Over the centuries, Alcudia’s privileged location has made it witness and host to many Mediterranean cultures.
The first archaeological remains (Son Simó, Son Siurana del Dalt, etc.) date back to the pre-Talayotic period, 2000 to 1200 BC.
After conquering the island in 123 BC, the Roman consul Metellus founded the city of Pollentia. It was constructed like a small Rome, with temples, public buildings, domus, urban villas and an amphitheatre. However, with the barbarian invasions in the 5th century AD, Pollentia began a process of decay and destruction.
In 902, the Arabs conquered Mallorca and gave Alcudia its current name (meaning “the hill”), as well as Guinyent, Biniatria, Gatamoix or Alcanada.
In 1229, the Catalan King Jaume I conquered Mallorca and later, in 1928, Jaume II declared Alcudia the capital of the parish limits. That same year began the construction of the first walls, which were completed in 1362.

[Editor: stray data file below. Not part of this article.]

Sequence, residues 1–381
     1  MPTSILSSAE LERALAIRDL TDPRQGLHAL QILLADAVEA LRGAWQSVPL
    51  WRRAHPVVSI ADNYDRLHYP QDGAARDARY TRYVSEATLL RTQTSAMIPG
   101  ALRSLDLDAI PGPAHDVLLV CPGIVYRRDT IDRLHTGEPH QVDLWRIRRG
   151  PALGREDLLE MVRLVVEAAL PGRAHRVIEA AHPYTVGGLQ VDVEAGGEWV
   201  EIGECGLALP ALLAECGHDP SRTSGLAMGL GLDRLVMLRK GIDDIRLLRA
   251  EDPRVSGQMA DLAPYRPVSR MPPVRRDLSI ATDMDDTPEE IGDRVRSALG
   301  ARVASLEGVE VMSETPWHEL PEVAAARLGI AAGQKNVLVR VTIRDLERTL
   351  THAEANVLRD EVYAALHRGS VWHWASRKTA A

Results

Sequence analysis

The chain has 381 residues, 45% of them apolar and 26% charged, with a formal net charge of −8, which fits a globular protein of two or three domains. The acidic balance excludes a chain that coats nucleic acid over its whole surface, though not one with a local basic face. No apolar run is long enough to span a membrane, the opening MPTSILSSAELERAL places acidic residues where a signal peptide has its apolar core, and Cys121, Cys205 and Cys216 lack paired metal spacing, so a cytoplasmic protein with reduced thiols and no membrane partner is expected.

During the popular revolt of the Germanies, the nobles of Mallorca took refuge in Alcudia. At the end of the revolt in 1523, the Emperor Carlos V declared it “Most Loyal City”.
The second ring of walls dates back to the 17th century. The aim was to reinforce the walls that already existed to defend the city. The two walls were preserved until the late 19th century, when a demolition process began due to the city’s expansion and sanitation.
The town of Alcudia and the archaeological remains of Pollentia were declared a historical and artistic site in 1963. In recent years, various plans to preserve and restore these areas have been launched.
Lose yourself in the town of Alcudia and travel back in its history!